As a quantified-self experiment, [Ayan] has tracked several daily habits and moods for a couple of years and discovered some insights. Too much coffee is followed by anxiety while listening to music leads to feelings of motivation and happiness. There was a strong correlation in the data, but [Ayan] wondered if external factors like the weather and air quality also played a role.
To find out, [Ayan] extended the custom dashboard built in Notion.so with weather data and some local sensors. Working at Balena.io (yes, the makers of the ubiquitous Raspberry Pi SD card flashing tool, Etcher), [Ayan] turned to balenaCloud to translate the data from (you guessed it) a Raspberry Pi into the dashboard via Notion’s API beta. We think Notion holds a lot of promise for all sorts of web-based dashboards as a research notebook and organizational tool. Who knows where the API will lead any interested readers?
Check out the full tutorial where [Ayan] walks you through the hardware used and each step to connect the APIs that bring it all together. [Ayan] plans to add a coffee-maker integration to automate that data entry and would welcome help getting a manual trigger set up for the data integrations.
Pools and hot tubs, although enjoyable, require monitoring and maintenance to keep the water clean and clear. [bhuebner] didn’t like having to constantly testing his hot tub’s vitals using test strips and water test kits. In an effort to autonomously monitor his hot tub’s water, he came up with a project he’s calling SpaSitter that records and tracks water quality indicators.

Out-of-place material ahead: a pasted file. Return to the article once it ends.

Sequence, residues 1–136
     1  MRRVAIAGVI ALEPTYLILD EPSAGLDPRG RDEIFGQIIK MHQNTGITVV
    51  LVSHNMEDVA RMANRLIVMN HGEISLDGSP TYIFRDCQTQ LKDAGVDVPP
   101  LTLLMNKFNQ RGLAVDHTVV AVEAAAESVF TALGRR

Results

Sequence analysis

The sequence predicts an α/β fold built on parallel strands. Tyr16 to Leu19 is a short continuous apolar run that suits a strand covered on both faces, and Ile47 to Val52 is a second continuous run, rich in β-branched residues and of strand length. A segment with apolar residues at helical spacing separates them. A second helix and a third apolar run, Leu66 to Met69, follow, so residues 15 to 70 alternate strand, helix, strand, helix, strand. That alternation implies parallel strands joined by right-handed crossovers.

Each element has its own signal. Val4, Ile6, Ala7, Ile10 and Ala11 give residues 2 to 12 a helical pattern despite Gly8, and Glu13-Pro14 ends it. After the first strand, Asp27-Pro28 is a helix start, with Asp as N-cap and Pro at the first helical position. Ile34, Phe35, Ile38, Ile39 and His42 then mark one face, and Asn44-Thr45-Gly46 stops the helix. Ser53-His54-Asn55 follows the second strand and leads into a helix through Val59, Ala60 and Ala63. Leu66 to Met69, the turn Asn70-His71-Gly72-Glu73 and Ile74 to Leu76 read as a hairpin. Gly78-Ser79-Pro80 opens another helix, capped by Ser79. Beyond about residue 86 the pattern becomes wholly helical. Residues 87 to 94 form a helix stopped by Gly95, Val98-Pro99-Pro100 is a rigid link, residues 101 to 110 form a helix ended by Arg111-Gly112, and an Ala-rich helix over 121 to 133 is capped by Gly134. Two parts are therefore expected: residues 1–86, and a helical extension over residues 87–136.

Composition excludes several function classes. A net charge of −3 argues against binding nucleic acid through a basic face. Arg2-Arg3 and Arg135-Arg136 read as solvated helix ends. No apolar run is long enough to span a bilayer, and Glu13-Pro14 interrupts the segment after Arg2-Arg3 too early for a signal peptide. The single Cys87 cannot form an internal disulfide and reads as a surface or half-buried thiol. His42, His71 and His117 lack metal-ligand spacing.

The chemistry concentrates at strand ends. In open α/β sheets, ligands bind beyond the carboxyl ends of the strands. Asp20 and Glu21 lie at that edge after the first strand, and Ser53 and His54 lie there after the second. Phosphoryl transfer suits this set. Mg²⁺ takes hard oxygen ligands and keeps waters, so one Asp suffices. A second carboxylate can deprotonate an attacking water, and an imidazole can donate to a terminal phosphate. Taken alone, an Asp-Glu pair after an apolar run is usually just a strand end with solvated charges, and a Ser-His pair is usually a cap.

The hardware is based on a Nanode (think Arduino with on-board Ethernet). Three sensors are connected to the Nanode and placed in his hot tub’s water. The sensors measure pH, ORP and Temperature. That data is then uploaded to xively.com where the data is not just stored, but tracked over time and displayed in graph-form. Checking the vitals on your phone can also get a bit tedious so [bhuebner] set up an email notification if one of the measured data streams go outside of a predetermined range. He still has to add chemicals manually and hopes to see some automation added to the next project revision.
[bhuebner] made his code available and also posted detailed instructions, including how to calibrate the sensors, for anyone wanting to do the same thing.
When [Chris Nafis] built an addition onto his historical home he found that a Radon problem, previously mitigated with plenty of concrete, seemed to rear its ugly head yet again. He eventually resigned himself to installing a Radon fan and detector – the latter of which offered no way to store measurement data. He wanted to get a better feel for the short and long-term Radon measurements in his house, in hopes of finding some correlation between temperature, moisture levels, and the total amount of Radon emitted from the ground.
To do this, he disassembled a pair of Radon detectors located in different parts of his house, each of which he wired up to an Arduino. Using his oscilloscope to determine which PCB leads controlled the different LED segments on the displays, he quickly had the Arduinos scraping measurement data from the sensors. [Chris] figured the best way to keep track of his data was to do it online, so he interfaced the microcontrollers with Pachube, where he can easily analyze his historical readings.
An additional goal he set for himself is to trigger the Radon fan only when levels start rising in order to save a little on his electric bill. With his data logging operation in full swing, we think it should be a easy task to accomplish.